In certain instances, buprenorphine can be a beneficial medication for those addicted to and/or dependent on opioid drugs. However, there are times where the newer pharmacological therapy is not a substitute for the longer-used methadone treatment.
Long-term Methadone Users
For the most part, those who have been long-term methadone users are safe to stay on the drug instead of switching to buprenorphine. There has been a push, especially recently, for those who have been on methadone to switch to the other medication, but this is not always necessary, nor is it always beneficial. According to the Substance Abuse and Mental Health Services Administration, “Because the two medications are so different, patients may not always be satisfied with the results” if they do decide to make the switch.
Those who are used to long-term treatment with methadone often have already found a balance that works for them, and unless they have become specifically unhappy with the way the drug is performing, it may not be a good choice to make the change. Some individuals do like the difference of being able to attend treatment at a doctor’s office instead of a methadone clinic, and there could be a possible reason to switch if it would become much easier for the patient to get their medication. However, if there isn’t a real call for this change when someone has been on methadone for a long time, it may be best to stay with that treatment option.
High-Level Opioid Dependence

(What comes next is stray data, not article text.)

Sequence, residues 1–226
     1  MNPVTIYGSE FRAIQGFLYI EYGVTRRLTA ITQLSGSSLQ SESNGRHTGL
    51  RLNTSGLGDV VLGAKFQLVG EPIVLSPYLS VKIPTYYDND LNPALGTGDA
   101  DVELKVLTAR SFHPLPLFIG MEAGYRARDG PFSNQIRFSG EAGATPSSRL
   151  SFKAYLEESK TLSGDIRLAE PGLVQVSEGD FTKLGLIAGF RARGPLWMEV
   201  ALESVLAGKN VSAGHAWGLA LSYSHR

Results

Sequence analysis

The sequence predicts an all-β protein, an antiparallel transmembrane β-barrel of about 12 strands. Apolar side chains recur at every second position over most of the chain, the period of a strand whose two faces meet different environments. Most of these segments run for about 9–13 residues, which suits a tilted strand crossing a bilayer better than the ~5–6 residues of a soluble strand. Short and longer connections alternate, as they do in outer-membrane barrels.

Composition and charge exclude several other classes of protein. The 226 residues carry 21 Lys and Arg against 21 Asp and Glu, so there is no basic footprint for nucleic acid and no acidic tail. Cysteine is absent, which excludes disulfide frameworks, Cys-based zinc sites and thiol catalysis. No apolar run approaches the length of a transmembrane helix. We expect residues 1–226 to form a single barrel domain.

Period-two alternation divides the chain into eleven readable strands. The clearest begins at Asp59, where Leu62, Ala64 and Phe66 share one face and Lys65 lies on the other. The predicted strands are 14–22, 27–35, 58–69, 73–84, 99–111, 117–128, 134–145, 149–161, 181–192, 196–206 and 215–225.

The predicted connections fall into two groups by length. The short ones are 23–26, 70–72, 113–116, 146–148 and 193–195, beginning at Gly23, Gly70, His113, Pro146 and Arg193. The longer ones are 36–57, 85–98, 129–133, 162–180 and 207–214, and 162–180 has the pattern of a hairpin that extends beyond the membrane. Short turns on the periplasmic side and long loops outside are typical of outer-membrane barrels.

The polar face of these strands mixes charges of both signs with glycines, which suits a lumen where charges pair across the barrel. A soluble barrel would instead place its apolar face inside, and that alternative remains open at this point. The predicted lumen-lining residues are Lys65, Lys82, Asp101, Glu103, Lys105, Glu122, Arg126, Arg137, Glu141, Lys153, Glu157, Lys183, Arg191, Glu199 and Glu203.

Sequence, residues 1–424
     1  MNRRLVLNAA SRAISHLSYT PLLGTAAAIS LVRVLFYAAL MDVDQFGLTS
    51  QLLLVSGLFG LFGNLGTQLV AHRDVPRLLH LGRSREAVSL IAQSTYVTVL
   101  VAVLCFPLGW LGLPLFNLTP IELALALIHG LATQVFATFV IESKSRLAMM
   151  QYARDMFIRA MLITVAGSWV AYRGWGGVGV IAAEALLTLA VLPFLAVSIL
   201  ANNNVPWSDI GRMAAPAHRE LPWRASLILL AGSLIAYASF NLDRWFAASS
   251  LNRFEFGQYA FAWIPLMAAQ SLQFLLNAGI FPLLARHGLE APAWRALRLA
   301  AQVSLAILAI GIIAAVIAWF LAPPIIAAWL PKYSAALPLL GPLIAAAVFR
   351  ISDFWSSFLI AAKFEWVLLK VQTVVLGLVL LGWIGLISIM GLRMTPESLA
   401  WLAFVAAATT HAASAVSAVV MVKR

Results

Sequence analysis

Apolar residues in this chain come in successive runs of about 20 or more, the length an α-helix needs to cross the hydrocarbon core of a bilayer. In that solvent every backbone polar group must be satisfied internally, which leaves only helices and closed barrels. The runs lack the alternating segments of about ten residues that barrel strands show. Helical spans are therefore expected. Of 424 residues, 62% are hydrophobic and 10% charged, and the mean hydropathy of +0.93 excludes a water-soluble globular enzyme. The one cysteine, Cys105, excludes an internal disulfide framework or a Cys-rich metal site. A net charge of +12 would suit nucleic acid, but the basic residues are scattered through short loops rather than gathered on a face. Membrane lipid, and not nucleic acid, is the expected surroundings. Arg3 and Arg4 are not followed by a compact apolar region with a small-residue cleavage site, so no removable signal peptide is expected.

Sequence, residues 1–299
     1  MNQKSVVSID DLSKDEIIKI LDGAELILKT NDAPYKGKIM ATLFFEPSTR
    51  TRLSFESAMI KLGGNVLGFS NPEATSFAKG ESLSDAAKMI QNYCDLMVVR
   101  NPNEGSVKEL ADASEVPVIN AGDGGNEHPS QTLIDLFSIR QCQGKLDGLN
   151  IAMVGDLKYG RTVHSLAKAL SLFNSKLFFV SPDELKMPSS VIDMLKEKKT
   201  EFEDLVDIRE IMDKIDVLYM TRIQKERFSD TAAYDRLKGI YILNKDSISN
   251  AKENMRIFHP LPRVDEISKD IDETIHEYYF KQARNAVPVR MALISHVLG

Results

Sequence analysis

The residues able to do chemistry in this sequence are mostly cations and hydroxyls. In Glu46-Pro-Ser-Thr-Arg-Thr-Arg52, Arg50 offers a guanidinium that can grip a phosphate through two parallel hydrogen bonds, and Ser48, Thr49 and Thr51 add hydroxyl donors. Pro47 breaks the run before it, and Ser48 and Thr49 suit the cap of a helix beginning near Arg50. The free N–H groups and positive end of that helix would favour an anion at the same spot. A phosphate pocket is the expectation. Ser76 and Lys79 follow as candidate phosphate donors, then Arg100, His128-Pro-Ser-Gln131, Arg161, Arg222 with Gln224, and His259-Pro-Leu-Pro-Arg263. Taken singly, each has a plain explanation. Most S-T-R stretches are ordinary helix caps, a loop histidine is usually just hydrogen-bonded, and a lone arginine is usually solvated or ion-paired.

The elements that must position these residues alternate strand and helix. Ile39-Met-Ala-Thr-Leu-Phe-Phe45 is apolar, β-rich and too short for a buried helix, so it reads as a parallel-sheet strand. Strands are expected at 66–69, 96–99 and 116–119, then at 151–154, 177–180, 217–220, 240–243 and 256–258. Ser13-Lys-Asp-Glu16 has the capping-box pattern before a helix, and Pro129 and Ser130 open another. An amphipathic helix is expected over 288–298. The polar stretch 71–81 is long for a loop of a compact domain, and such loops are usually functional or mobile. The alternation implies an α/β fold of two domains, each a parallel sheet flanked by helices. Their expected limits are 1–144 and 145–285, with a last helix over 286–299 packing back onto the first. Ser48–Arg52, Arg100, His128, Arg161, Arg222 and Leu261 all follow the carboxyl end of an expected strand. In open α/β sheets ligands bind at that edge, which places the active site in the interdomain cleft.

Part of the reason why the switch can be difficult on a person is because buprenorphine is only equally effective to “moderate doses of methadone.” This means it can help treat individuals who have low levels of opioid dependence and who experience less severe withdrawal symptoms and cravings. “Because buprenorphine is unlikely to be as effective as more optimal-dose methadone, it may not be the treatment of choice for patients with high levels of physical dependency.”
Other Times to Choose Methadone
Those who begin opioid addiction treatment without the prior use of either drug may wonder which would be more effective for them. While there is no way to determine what each individual patient will need outside of setting up a treatment plan with a doctor, here are some instances in which a patient may be better suited for methadone treatment:
- Pregnant individuals may want to choose methadone over buprenorphine, at least for now. According to the Journal of Neurosciences in Rural Practice, “Buprenorphine is not licensed” for the purpose of treating pregnant patients “and, given the substantial experience of its use in pregnancy, methadone remains the opioid of choice for many clinicians in these circumstances.”
- Methadone can be a better choice for those individuals who need a daily, well-rounded treatment option: one where they visit a facility, take classes, and attend multiple treatments to help with their recovery.
- The drug can also be better for those who need to have their medication administered by a doctor, as they may not yet be able to do so safely themselves.
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